Now to the film itself. The first “act” is a confusing conflation of fact, speculation and snippets of re-enacted civil and military hearings; hearings in which Oppenheimer stands accused, time and again it seemed, of basically un-American activity, if not the outright leaking of secrets to the Soviet Union. Perhaps this was Nolan’s attempt to cram as many facts into this preamble before the more serious and dramatic business of the build-up to the first actual testing of the bomb. If so, the results continually hover between proper dramatic realisation and black and white documentary-style footage. Here I fully sympathise with Nolan’s dilemma, that being the complications in Oppenheimer’s life and especially his career, with official doubts about his suitability for almost every job he was proposed for. But this constant moving from colour to black and white presumably to indicate present, future and past respectively, became more confusing than clarifying. In short, a distracting melange with the audience, at least as I suspect, waiting for the true drama of the manufacture and testing of the bomb to commence.

The real Oppenheimer, 1944.

When at last it did, this central section of the film is handled much more effectively by Nolan, but for me there is a problem with the film as a whole and what has been triumphed as its very lynch-pin, that of Cillian Murphy’s performance as Oppenheimer. Now, I have watched countless documentaries picking at the literal wounds caused by this dreadful bomb, including those let loose on its progenitor. But I learnt more in a few seconds of watching and listening to the real Oppenheimer, with those flickering eyes and with his soft, distinct, and unrepeatable accent, in grainy 16mm footage, than three hours in the company of CM. He is undoubtedly a fine actor, as we saw manifestly in Peaky Blinders, but what he gives us here is a simulacrum of the man, not the real man. Surely that would be true whoever stepped into the role? Possibly, but another actor might bring a greater degree of world-weariness, of the weight of experience of life bearing down on him, to such a complex role. And this is precisely what CM falls short of giving us: the potential nuances as he moves from public to private life, and back again. His face reflects blankness at almost every stage whereas the real-life 16mm Oppenheimer did not. In those few real documentary flashes, we see that very complexity, internal struggle and vulnerability simultaneously. Is Cillian’s performance true Oscar material? Clearly it is as he won! But for me at least it left a substantial hole at the centre of a film charting the public destruction of an intensely private man. A man in this version we hardly get to know at all.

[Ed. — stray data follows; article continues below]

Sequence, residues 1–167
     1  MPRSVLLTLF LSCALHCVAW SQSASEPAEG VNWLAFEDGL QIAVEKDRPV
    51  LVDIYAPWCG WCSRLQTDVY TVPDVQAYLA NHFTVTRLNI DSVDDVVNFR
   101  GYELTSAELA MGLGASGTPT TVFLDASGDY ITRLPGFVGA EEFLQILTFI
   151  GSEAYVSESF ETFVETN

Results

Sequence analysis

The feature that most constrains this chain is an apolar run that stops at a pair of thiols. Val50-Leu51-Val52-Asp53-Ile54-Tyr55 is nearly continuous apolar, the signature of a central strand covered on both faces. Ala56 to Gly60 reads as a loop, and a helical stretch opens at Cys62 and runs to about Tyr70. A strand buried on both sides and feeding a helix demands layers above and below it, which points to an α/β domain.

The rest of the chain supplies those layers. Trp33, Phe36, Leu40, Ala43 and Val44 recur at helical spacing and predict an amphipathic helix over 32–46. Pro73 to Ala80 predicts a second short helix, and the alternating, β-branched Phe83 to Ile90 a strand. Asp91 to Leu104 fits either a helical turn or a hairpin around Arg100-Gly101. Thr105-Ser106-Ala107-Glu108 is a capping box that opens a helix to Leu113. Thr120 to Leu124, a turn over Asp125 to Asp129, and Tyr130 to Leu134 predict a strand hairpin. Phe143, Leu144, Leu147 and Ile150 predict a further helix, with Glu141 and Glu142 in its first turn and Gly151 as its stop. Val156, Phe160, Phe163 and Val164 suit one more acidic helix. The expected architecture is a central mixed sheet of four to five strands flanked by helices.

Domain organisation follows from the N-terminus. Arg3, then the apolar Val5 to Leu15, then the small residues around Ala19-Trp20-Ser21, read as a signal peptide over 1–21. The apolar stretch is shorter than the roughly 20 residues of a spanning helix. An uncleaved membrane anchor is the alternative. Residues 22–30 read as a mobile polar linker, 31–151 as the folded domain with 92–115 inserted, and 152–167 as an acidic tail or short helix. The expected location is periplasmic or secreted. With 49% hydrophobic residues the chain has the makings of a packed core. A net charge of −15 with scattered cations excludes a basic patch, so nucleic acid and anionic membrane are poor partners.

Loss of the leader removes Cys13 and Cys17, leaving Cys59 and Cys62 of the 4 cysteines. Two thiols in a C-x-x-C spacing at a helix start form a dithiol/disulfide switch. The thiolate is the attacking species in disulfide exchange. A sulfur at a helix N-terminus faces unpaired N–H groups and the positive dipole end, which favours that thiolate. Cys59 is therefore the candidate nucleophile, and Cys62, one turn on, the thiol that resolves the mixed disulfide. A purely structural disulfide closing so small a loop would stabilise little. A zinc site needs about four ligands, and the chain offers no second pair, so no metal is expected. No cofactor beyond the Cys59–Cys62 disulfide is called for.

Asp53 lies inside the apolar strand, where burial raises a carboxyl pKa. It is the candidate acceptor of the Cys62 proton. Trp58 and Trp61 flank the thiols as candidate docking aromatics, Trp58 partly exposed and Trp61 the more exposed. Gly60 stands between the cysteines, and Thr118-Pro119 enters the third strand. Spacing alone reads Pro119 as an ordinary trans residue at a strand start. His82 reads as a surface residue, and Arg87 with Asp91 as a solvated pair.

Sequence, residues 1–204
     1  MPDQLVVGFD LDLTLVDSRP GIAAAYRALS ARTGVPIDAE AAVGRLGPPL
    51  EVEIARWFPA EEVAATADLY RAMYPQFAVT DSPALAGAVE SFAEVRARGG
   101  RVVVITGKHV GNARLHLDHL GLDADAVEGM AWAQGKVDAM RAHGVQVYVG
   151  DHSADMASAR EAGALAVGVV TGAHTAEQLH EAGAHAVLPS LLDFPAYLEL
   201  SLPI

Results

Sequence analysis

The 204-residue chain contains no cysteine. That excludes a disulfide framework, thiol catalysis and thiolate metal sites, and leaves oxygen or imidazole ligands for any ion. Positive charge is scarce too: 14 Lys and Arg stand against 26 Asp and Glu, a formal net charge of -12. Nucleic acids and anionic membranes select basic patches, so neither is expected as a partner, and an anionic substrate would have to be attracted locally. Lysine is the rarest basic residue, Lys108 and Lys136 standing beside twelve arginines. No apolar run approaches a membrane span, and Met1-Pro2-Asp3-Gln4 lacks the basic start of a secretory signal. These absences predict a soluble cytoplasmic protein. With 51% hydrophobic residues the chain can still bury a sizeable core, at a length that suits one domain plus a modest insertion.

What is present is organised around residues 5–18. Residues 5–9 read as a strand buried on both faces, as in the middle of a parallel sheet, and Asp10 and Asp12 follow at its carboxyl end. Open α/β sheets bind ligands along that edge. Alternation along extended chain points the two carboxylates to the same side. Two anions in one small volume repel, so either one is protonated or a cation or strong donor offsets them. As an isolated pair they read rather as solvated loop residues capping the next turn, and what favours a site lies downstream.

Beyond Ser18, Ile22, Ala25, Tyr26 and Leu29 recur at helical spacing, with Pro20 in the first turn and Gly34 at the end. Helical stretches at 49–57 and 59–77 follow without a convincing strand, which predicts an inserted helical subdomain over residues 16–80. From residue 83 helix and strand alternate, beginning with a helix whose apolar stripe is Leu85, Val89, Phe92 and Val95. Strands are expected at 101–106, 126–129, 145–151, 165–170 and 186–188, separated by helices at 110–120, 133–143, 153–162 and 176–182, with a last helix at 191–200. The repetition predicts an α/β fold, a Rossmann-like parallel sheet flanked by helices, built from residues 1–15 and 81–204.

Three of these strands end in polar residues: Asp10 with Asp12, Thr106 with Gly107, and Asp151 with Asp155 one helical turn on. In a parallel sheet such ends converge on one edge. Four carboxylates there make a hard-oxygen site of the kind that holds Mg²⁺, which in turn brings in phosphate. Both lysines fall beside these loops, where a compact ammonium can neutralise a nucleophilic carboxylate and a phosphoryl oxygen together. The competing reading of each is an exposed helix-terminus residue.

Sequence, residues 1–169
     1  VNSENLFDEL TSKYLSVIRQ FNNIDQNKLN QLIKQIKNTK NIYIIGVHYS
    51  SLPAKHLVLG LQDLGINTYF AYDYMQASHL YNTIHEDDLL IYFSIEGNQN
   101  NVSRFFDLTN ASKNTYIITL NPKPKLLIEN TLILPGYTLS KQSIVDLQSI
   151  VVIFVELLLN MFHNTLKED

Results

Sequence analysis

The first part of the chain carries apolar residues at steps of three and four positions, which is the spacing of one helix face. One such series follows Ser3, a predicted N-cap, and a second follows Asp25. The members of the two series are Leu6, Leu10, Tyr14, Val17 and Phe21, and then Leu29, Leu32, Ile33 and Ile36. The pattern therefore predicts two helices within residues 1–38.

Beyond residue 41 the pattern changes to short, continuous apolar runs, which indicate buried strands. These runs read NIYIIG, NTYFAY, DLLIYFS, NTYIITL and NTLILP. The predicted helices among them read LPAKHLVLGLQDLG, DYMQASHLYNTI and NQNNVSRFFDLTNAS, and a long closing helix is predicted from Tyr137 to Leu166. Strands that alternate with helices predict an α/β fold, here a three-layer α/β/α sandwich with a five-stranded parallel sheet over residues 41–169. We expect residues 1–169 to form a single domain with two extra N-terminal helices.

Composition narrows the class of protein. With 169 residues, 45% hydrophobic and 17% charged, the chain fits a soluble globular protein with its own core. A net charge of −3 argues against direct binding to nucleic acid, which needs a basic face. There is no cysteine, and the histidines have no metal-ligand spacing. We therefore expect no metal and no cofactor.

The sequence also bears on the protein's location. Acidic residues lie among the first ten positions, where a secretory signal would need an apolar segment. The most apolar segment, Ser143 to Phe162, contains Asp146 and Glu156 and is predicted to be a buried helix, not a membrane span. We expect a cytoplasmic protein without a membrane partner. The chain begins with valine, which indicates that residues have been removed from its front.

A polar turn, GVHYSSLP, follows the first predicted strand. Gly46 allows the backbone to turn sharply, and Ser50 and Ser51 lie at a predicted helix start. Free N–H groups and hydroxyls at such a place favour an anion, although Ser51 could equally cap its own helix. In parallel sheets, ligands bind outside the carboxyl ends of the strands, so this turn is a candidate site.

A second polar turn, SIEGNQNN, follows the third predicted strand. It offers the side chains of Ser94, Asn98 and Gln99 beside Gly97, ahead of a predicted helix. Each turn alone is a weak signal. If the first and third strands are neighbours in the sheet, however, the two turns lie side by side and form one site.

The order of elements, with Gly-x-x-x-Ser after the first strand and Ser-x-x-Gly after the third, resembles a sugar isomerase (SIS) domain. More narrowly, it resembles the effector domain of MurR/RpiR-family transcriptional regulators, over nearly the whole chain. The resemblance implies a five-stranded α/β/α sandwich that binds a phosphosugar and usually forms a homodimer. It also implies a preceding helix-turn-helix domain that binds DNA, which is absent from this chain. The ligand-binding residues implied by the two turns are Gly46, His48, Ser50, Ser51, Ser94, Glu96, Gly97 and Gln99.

However, there is an almost equally serious omission, again at the film’s core, and here I am tempted to call it a double helix, and that is the complete failure even to attempt to explain the workings of this astonishing bomb. Unlike “The Double Helix”, the film charting the unwinding of DNA sequencing, which did a pretty good job of telling us, the uninitiated, what DNA was actually about, Oppenheimer tells us little or nothing about nuclear fission. All we see is a clumsy arrangement of metal eighths or quarters being assembled in the form of a large Rubik’s Cube, with absolutely no mention of what the pieces either together, or separately, represent. Please indulge me for a moment while I quote the following, from The Nuclear Secrecy blog: “one of the key parts of the implosion design for the atomic bomb (the same sort of bomb detonated at Trinity and over Nagasaki) is the neutron initiator that sits at the absolute centre of the device. It is a deceptively tricky little contraption. At the instance of maximum compression, it needs to send out a small burst of neutrons, to get the whole chain reaction started. It’s not even that many neutrons, objectively speaking — in the order of a hundred or so in the first bombs. But conjuring up a hundred neutrons, at the centre of an imploding nuclear assembly, at just the right moment, was a tricky technical problem, apparently. The details are still classified.” I am betting you know more now about the bomb’s still secret inner workings than almost all who have sat for hours in the darkness, watching Nolan’s sketchy interpretation of what they were all really up to in The Los Alamos National Laboratory.